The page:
Echium Pininana

Discussion in 'General Gardening Discussion' started by LinG, Oct 14, 2020.

  1. LinG

    LinG Apprentice Gardener

    Joined:
    Oct 13, 2020
    Messages:
    3
    Gender:
    Female
    Ratings:
    +1
    My first post so I hope I'm posting this in the right forum! I had a wonderful Echium Pininana flower last year which was a bought plant rather than one I grew myself. I harvested the seed which I sowed in pots outside in June this year (the first batch indoors didn't germinate for some reason) and I now have some fairly healthy plants growing in 9" 5 litre pots.

    My quandary now that they have grown fairly strong is how to keep them over winter. I only have a small plastic covered mini greenhouse but I understand plastic can make them develop mould or rot and it would be pretty crowded in there :smile:. I could wrap them individually in fleece, taking it off on good days or my other thought was to take a chance and put them in the ground in their final flowering position now - but is it too late to move them from pot to border? Or to larger pots?

    (I'm based on the south-east coast so climate is relatively mild)

    I'd be interested to hear how others on the forum have managed them in their first year as it's all new to me! :smile:
     
  2. pete

    pete Growing a bit of this and a bit of that....

    Joined:
    Jan 9, 2005
    Messages:
    30,945
    Gender:
    Male
    Occupation:
    joinery
    Location:
    Mid Kent
    Ratings:
    +36,610
    As you are on the coast I assume frosts are usually fairly light.
    Echiums of this type are hardy to around minus 5c in my experience but it's often the wet and frost combination that kills them, or atleast rots the tops out of them.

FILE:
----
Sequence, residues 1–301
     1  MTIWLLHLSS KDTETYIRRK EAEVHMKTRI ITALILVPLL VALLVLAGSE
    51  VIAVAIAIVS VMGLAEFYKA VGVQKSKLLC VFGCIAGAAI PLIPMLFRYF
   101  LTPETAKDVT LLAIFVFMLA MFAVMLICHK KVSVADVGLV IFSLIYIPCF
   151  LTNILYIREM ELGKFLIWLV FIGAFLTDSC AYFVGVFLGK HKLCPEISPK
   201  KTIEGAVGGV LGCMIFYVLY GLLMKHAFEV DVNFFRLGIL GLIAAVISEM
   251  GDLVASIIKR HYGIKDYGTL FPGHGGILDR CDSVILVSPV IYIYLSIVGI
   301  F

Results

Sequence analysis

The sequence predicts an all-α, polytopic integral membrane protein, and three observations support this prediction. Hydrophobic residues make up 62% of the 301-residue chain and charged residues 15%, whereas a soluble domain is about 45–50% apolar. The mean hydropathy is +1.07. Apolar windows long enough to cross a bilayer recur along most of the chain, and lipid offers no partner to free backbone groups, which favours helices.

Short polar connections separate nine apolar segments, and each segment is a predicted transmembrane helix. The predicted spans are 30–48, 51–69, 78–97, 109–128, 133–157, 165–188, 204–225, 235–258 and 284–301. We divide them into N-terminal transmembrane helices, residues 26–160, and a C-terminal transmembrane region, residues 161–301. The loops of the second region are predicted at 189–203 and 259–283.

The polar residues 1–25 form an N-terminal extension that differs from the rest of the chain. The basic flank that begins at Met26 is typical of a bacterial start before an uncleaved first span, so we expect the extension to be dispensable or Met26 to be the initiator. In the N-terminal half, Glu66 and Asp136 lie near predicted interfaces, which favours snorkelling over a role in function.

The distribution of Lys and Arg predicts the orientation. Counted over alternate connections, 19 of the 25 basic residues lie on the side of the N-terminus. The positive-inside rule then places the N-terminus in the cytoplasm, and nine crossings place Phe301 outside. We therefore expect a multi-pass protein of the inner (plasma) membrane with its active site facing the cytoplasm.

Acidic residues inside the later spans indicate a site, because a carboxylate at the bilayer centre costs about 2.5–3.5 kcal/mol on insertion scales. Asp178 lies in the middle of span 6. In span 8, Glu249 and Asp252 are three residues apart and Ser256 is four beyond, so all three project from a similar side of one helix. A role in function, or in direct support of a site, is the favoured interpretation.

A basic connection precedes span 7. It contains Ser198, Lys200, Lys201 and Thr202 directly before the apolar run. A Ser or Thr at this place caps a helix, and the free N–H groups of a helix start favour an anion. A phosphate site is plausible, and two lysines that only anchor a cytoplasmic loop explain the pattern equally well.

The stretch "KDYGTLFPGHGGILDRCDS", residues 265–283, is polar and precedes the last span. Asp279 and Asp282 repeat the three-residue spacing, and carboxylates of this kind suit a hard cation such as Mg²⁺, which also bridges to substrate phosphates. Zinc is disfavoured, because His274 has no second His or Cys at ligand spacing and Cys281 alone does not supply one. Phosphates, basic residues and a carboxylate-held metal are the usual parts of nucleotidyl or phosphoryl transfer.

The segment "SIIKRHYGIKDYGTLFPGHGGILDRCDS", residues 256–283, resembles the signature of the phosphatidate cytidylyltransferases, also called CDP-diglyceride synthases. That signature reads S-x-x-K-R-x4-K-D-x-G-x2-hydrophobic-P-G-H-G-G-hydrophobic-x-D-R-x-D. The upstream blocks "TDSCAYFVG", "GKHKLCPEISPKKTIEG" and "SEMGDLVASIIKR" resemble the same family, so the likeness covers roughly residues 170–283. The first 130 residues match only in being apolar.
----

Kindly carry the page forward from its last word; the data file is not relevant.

A cool airy place is best for overwintering, but that is often not possible, I'd suggest just overhead cover from the rain would be best.

    I'd definitely plant out next spring to hopefully flower the following year.

    But as usual, a lot hinges on what kind of winter we get.
     
  3. LinG

    LinG Apprentice Gardener

    Joined:
    Oct 13, 2020
    Messages:
    3
    Gender:
    Female
    Ratings:
    +1
    Thanks Pete...Ahh if only we could predict the weather!:SUNsmile:

    So if I create a cloche type of arrangement with clear plastic on canes over the pots but open at the sides that might do the trick?

    I've heard that some giant echiums have been known to flower in their second year - have you experienced that?
     
  4. pete

    pete Growing a bit of this and a bit of that....

    Joined:
    Jan 9, 2005
    Messages:
    30,945
    Gender:
    Male
    Occupation:
    joinery
    Location:
    Mid Kent
    Ratings:
    +36,610
    Well, yes, I tend to knock up a temporary poly cover for a few plants in pots that dont like winter wet.
    I dont think I've ever had one flower in its second year, to be honest the longer they go before flowering the taller and better they they are when they do.

    They self seed all over the place in my garden and allotment so no shortage of seedlings to pot up and grow on or leave in place to flower.:smile:
     
    • Informative Informative x 1
    • LinG

      LinG Apprentice Gardener

      Joined:
      Oct 13, 2020
      Messages:
      3
      Gender:
      Female
      Ratings:
      +1
      Yes I had lots of seedlings appear - I have a mainly gravel garden and pulled most out but I have left a few in place just to see what happens.

      Well the temporary cover sounds like the answer then and fingers crossed we don't have another beast from the east descend on us down here. Thanks Pete for your advice.
       
      • Friendly Friendly x 1
      Loading...

      Share This Page

      1. This site uses cookies to help personalise content, tailor your experience and to keep you logged in if you register.
        By continuing to use this site, you are consenting to our use of cookies.
        Dismiss Notice